Agriculture minister, Charlie McConalogue, believes that the country’s seed potato sector can grow significantly in the wake of Brexit.
This was a core issue that he referenced repeatedly, during his opening address to this week’s Word Potato Congress (WPC) in Dublin.
The minister specifically highlighted the fact that Ireland is now the only country in the European Union (EU) that enjoys the highest accredited plant health status, where seed potatoes are concerned.
“This is a tremendous base upon which to grow the future of the sector,” he stressed.
McConalogue also highlighted the work of the Tops Potato Propagation Centre at Raphoe in Donegal.
The main function of the centre is to produce pre-basic mini-tuber seed for participants in the Department of Agriculture, Food and the Marine (DAFM) Seed Potato Certification Scheme.
To do this the station maintains nucleus stocks of healthy and genetically true-to-type samples of the potato varieties likely to be required for seed and eventually ware potato production.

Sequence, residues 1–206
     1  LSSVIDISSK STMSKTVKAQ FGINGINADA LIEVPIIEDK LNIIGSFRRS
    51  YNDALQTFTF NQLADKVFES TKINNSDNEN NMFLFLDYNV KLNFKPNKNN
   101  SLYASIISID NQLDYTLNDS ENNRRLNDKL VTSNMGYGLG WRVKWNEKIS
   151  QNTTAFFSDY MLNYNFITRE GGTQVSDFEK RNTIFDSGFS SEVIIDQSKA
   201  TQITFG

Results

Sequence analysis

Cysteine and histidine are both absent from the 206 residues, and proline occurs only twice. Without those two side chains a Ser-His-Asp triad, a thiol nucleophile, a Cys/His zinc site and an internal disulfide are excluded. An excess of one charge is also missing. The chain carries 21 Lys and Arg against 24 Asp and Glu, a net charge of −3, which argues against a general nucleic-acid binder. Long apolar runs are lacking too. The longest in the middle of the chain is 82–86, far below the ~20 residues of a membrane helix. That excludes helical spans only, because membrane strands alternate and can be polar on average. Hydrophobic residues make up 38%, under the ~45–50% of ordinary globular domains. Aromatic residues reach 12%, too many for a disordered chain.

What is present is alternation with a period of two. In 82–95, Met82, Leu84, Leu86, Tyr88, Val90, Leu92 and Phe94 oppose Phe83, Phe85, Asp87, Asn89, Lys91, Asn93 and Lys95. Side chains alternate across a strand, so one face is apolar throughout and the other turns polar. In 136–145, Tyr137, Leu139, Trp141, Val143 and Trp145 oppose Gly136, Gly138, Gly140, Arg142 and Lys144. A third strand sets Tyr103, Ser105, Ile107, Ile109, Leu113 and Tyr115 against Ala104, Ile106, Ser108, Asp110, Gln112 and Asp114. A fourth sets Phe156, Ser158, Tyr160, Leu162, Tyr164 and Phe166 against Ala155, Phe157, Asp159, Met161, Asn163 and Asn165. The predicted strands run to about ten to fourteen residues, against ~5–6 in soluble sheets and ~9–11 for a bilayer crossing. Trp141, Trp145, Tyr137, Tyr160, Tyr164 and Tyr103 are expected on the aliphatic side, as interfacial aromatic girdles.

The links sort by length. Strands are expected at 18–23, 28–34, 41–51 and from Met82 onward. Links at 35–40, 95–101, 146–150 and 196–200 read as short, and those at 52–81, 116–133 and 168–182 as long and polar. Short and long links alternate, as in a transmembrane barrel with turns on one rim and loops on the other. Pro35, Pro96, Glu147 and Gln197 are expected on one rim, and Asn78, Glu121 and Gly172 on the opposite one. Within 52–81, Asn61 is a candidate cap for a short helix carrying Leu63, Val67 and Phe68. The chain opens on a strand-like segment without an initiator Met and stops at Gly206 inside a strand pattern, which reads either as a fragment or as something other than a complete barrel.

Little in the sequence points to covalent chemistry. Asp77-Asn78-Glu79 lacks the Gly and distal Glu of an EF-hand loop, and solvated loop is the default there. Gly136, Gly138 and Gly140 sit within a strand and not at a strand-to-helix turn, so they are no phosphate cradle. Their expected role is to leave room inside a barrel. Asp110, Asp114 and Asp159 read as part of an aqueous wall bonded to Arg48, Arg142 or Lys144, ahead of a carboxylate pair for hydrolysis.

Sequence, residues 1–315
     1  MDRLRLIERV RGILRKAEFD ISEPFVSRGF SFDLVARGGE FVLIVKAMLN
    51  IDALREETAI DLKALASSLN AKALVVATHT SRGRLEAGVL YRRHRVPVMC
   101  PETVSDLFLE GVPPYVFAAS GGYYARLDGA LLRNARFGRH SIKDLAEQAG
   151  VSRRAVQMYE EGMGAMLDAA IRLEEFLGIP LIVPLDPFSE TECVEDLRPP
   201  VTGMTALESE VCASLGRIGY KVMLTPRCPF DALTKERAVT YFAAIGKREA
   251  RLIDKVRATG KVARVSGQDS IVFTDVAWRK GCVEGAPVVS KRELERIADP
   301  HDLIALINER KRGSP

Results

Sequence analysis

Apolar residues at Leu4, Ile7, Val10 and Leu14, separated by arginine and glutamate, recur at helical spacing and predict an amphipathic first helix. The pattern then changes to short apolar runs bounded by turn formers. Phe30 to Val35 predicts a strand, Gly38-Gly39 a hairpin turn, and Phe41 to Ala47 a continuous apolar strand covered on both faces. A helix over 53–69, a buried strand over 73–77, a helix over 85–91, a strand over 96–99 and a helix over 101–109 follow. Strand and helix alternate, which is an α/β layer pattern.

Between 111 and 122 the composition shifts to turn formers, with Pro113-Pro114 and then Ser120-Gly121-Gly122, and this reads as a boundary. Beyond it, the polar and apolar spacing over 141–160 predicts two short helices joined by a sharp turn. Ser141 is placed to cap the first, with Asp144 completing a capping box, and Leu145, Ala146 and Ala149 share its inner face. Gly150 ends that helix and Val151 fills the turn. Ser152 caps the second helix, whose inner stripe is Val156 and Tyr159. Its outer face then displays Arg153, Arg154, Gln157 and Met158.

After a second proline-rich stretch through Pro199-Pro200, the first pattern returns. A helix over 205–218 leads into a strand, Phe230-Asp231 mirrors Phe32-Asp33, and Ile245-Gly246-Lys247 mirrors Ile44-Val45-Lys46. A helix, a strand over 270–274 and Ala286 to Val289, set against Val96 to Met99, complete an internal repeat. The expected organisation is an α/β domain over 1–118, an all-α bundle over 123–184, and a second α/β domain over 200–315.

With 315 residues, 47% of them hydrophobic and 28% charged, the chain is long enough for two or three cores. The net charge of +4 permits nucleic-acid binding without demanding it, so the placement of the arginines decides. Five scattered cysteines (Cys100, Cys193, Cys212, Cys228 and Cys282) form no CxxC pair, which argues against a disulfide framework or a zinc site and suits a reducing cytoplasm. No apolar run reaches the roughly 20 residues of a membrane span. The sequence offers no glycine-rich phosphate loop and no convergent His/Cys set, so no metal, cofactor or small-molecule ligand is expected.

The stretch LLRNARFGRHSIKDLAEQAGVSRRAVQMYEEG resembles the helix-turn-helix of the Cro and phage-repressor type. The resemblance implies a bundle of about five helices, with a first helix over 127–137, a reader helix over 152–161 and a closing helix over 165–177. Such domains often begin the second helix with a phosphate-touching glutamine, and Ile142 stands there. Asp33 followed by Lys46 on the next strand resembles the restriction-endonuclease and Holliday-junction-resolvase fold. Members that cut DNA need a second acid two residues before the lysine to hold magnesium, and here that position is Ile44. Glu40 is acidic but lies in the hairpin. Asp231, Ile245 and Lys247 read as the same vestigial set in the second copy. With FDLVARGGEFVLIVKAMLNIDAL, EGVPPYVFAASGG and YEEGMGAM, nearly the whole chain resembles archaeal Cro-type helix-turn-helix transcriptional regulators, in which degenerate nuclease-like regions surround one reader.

The centre maintains most of the potato varieties grown in Ireland.
Seed potato support
The minister also referred to the strategic potato variety development work carried out by Teagasc.
“Irish food exports are worth €13 billion to the overall economy on an annual basis,” he stated.
“The sector is totally committed to the attainment of excellence on an ongoing basis.
“The Irish potato industry is a vitally important part of this ongoing success story.”
The measure will accelerate development of capacity within the sector and aid improvements in the production, storage and marketing infrastructure of seed potatoes by providing grant assistance to producers towards the capital cost of specialised equipment and facilities.
Prior to Brexit, Ireland had been importing approximately 6,000t of seed potatoes from the UK each year, with 60% of the certified seed that is planted in Ireland coming from Scotland.
The area of seed potato crops for certification in Ireland increased to 299ha in 2021. This figure will need to double for domestic demand.
40 years ago, the island of Ireland was home to one of Europe’s most vibrant seed potato sectors with produce exported to countries around Europe and north Africa.
Minister McConalogue is making no secret of the fact that he wants to see the Irish potato seed sector returning to its former glory.
And he views Brexit as the lever that can be used to make all of this happen.